What are the effects of Brexit on those traveling to the Schengen Area from the U.K.?

I live in the U.K., will Brexit mean I need to apply for a visa to visit the Schengen Area?

Although Britain formally left the European Union in January 2020, it is still in a transitional phase until January 2021, with elements of its future relationship still to be decided. However, important provisions regarding travel to the Schengen Area have been outlined. During the transition, Brits maintain the movement rights they held as a member of the European Union - with changes taking place after exit in 2021.

 

British citizens, who previously had freedom of movement to travel to the EU, will initially be visa-exempt third-country nationals that do not need to apply in advance for a short-stay Schengen Visa. However, they will be covered under the new European Travel Information and Authorisation System system when this is introduced sometime before the end of 2021. ETIAS is similar to America’s ESTA scheme and Brits will be required to complete an online form including questions on health, employment, and criminal convictions in order to visit EU countries. There’s also a fee of €7 that will buy you a permit valid for three years. On arrival you will have the data you submitted verified, your picture and fingerprint taken, and be asked several questions about your visit, according to a European Union briefing paper. It is important to state, however, that these arrangements have not been finalized in law, and although unlikely, may be subject to change.

 

Those who are not U.K. citizens will maintain the existing status they have as a result of nationals of their home states - so those from states who require a visa to travel to the Schengen Area such as China or India will still require one, while those with visa-free arrangements will maintain those.

 

How long will I be able to stay in the Schengen Area?

U.K. nationals will be subject to the same 90-day rule travelers of countries outside the EU are subject to. This means you can stay within the Schengen Area for 90 days out of every 180, but after that, you must either apply for residency or a work or study visa. Over a year you could spend 180 days in total in Spain but not consecutively, and you would have to break up your stays by spending time outside the Schengen Area. You can fill your 90 days as one block or as several shorter trips, but in every 180 days, the total number of days spent in the Schengen Area must not exceed 90.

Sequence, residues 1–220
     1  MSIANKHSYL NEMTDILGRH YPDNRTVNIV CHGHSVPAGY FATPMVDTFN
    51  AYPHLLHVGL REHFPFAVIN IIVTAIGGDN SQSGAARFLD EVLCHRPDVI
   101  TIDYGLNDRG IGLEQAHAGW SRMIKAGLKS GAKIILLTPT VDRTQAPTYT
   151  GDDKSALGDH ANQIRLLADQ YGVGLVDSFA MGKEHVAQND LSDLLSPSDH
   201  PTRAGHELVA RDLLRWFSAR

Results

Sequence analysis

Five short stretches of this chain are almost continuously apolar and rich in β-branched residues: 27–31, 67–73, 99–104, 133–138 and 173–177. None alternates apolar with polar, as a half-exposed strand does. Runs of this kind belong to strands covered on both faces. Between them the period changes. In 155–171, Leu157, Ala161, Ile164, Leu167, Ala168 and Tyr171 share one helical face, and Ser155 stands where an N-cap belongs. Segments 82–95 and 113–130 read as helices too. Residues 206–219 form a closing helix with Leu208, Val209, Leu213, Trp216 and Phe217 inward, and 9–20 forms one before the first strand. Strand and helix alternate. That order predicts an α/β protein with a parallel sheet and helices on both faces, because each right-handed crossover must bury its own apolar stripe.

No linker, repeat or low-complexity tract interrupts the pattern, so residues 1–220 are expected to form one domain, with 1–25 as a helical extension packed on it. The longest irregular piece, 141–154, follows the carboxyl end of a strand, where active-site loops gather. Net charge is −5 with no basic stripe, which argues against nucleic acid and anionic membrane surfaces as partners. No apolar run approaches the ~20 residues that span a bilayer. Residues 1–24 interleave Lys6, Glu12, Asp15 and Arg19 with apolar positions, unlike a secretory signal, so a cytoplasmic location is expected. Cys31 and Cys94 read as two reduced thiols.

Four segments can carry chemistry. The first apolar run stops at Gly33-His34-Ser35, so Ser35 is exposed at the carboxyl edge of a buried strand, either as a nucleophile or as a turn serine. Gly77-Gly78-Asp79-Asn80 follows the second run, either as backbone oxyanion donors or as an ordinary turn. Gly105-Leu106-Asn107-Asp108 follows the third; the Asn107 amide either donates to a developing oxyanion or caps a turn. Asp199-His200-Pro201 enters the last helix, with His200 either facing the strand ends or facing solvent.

How will Brexit affect those applying for work or student visas?

As Brexit will mean Britain is no longer a member of the EU, British citizens will no longer have an automatic right to work and study in other EU member states, including the Schengen Area. As such, you will need to apply for a work or study visa, obtaining the necessary documentation such as an invitation letter and proof of accommodation, in addition to submitting your passport and biometric data.

 

Do I need to obtain travel and medical insurance when traveling to the Schengen Area?

If you are traveling to the Schengen Area as a U.K. citizen, you will not automatically require travel insurance when applying to ETIAS or traveling visa-free. However, it is strongly recommended as the U.K.’s reciprocal arrangements allowing British citizens to access free healthcare in the EU using a European Health Insurance Card may come to an end unless a new post-Brexit agreement is reached.

 

What travel insurance products do AXA offer?

AXA’s Low Cost Travel Insurance costs only €0.99 per day of your trip and will meet your visa requirements, while the AXA Schengen Europe Travel Insurance offers extended coverage up to costs of €100,000. Those seeking a multiple-entry visa to make more than one trip can purchase the Multi Trip insurance from €298 per year, which again covers you for expenses up to €100,000.

 

Frequently asked questions about how Brexit will affect travel from Britain to the Schengen Area

Is the European Union the same as the Schengen Area?

No. After Brexit, the EU consists of 27 member states, while the Schengen Area contains 26 countries, not all of whom are in the EU. Ireland is not in the Schengen Area, while Norway, Switzerland, Iceland, and Liechtenstein are all in the Schengen Area, but not in the EU. Britain will not be in either group from 2021.

 

What is ETIAS?

ETIAS is the European Travel Information and Authorisation System, the new form of travel authorization intended for short-term tourist or business visitors from countries with visa-free travel arrangements with the Schengen Area. It will be in place by the end of 2021.

 

From the U.K, will I need to apply for ETIAS approval for each country I visit?

No, only one approved ETIAS is required per traveler to visit all ETIAS member countries - and this can be valid for up to three years.